By Edward McClelland
In his Autobiography, Malcolm X titled the chapter on his Lansing years “Nightmare.” In 1931, when Malcolm was six, his father was fatally struck by a streetcar. The coroner ruled it an accident, but Malcolm believed his outspoken father had been lynched by the Black Legion, a Klan-type outfit that had burned down the family’s home two years earlier. (In the Spike Lee movie, the deadly streetcar has the destination “LANSING” in its marquee.)In Malcolm’s time, this was known as the corner of Logan and Main. It was the heart of a middle-class black ghetto surrounding the Oldsmobile plant, which had drawn most of the fathers up from Tennessee. Hence, it was the busiest corner in the city three times a day, for a few minutes before and after every shift change.
Main Street was Lansing’s black elementary school, the alma mater of Earvin “Magic” Johnson. Starting in third grade, the black kids from Main Street were bused over to our white school. The spring before, us white kids spent a day at Main Street, assigned a black “partner,” an exercise in ebony-and-ivory handholding intended to prevent the racial outbursts then occurring at Sexton High School, where blacks had occupied the principal’s office, and students dared not step in a bathroom claimed as the opposite color’s turf.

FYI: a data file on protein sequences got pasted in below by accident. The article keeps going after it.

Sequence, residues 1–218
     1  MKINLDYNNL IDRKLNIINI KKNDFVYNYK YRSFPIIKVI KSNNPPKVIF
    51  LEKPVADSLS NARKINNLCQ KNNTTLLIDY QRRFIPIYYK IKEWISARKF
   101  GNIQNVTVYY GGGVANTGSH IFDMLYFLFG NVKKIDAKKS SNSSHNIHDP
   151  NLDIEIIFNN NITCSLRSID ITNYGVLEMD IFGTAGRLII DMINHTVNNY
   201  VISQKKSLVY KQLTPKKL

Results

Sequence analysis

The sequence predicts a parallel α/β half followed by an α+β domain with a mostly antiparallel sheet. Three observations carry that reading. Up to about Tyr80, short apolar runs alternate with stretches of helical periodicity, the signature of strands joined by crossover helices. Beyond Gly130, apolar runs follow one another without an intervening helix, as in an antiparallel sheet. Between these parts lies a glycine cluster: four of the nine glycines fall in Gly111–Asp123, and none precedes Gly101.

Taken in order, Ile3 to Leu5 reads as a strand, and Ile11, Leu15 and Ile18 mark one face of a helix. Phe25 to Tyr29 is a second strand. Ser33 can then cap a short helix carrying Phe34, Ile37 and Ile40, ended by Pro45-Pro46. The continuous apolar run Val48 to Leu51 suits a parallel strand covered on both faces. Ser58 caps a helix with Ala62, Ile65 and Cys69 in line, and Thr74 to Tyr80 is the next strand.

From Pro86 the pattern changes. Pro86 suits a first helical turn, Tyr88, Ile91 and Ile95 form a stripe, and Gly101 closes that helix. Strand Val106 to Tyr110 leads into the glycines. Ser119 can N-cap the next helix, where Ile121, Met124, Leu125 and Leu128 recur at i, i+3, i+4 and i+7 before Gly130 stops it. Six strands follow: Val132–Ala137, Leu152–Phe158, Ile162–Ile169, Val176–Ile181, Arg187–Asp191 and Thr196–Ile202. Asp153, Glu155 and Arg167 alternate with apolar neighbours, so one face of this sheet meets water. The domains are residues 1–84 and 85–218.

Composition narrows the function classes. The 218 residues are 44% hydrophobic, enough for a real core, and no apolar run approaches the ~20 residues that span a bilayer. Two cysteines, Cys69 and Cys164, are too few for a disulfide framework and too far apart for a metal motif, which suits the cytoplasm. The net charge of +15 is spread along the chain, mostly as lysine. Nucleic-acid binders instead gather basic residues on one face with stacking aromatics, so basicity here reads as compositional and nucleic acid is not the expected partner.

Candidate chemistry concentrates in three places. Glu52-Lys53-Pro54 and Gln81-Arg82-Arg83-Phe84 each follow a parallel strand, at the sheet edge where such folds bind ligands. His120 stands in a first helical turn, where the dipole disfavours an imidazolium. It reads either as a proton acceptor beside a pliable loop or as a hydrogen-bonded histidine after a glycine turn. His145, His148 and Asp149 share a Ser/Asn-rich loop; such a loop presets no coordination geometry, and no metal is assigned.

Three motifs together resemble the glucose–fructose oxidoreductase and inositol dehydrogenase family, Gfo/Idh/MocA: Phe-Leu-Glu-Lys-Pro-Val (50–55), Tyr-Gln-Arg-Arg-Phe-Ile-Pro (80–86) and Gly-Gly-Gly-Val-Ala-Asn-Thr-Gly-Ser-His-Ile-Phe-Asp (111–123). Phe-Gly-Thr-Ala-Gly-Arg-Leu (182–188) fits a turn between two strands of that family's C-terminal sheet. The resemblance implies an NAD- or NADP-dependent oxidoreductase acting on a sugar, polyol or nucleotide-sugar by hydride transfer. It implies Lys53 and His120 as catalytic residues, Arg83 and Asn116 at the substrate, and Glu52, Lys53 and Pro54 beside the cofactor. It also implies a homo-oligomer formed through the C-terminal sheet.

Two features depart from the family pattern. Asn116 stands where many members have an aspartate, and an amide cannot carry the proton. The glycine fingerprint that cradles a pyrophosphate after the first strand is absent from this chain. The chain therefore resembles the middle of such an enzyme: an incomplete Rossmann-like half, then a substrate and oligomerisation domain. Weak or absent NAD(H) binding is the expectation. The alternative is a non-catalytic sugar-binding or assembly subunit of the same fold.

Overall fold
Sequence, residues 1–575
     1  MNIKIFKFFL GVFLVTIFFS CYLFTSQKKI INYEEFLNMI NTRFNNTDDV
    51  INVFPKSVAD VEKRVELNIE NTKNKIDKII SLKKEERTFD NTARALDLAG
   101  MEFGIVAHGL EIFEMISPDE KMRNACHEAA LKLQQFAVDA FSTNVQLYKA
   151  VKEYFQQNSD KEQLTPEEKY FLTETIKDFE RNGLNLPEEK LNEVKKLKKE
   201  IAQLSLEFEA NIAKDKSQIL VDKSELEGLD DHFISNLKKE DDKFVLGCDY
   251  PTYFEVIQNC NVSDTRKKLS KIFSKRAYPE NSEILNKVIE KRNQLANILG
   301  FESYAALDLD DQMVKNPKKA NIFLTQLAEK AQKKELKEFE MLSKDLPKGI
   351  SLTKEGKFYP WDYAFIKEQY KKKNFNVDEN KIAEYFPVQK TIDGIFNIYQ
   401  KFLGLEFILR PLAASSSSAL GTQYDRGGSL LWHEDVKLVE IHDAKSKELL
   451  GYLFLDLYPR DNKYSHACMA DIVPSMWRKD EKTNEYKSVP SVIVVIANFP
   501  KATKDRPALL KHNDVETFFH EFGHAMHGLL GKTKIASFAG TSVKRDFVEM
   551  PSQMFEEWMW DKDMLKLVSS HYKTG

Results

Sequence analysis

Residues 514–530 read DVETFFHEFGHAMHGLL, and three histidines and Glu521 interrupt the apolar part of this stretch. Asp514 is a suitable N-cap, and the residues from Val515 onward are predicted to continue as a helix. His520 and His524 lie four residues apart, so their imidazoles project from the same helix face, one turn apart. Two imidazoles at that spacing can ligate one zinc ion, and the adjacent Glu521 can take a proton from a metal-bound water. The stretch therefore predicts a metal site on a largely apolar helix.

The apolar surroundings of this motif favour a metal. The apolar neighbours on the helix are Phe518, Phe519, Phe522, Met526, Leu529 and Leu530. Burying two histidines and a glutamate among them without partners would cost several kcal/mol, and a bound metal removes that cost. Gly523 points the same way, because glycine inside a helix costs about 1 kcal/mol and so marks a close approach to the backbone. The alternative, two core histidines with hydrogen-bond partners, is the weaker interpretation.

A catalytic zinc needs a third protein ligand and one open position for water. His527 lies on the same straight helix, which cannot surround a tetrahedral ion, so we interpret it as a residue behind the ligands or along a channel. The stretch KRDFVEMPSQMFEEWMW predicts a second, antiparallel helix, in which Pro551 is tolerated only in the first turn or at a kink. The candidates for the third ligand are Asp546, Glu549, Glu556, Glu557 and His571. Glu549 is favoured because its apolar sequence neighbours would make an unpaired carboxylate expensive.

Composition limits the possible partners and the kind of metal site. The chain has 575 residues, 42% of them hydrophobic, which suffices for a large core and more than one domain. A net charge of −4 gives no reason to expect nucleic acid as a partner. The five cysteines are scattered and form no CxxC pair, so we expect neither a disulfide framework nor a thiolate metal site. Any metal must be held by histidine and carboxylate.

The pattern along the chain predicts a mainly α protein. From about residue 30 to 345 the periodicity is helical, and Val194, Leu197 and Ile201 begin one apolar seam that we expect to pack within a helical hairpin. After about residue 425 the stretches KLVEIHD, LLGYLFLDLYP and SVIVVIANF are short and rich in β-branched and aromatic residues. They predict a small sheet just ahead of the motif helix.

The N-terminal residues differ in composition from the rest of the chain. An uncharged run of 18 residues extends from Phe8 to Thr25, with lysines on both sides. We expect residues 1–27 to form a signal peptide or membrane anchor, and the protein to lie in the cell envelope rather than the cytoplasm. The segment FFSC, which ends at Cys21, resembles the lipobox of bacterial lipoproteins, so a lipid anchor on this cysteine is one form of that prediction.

Unlike Boston or Detroit, Lansing integrated without riots or bus burnings. Nothing makes me prouder of my hometown. By the time I got to high school, the principal was black, and a guy could piss in any urinal without watching his back. Malcolm’s niece was a classmate. The tangible results of putting blacks and whites in the same classrooms were yet to come: in the 2010 Census, Lansing had the highest percentage of mixed-race residents with an African-American parent, leading the Grio to ask, “Is Lansing the interracial love capital of America?” Every city claims it’s not racist, but Lansing has the biracial children to prove it. As far as I know, Lansing is also one of only two cities (with Washington D.C.) where Martin Luther King and Malcolm X intersect. I hope that means it’s defeated the hate that drove Malcolm out of town.
Edward McClelland is the author of Nothin’ but Blue Skies: The Heyday, Hard Times and Hopes of America’s Industrial Heartland.
“Losing cities like D.C. and Detroit have been the loss of Black spaces. Spaces many of us didn’t think we needed to be safe. We were wrong.” -dream hampton, July 22 via Twitter.
this is an interesting piece considering what’s coming out of the literary scene in Detroit right now.
As a 1972 grad of Sexton High School and part of the final class of West Junior High School (Malcolm’s alma mater), thank you for this. It wasn’t perfect, but it helped.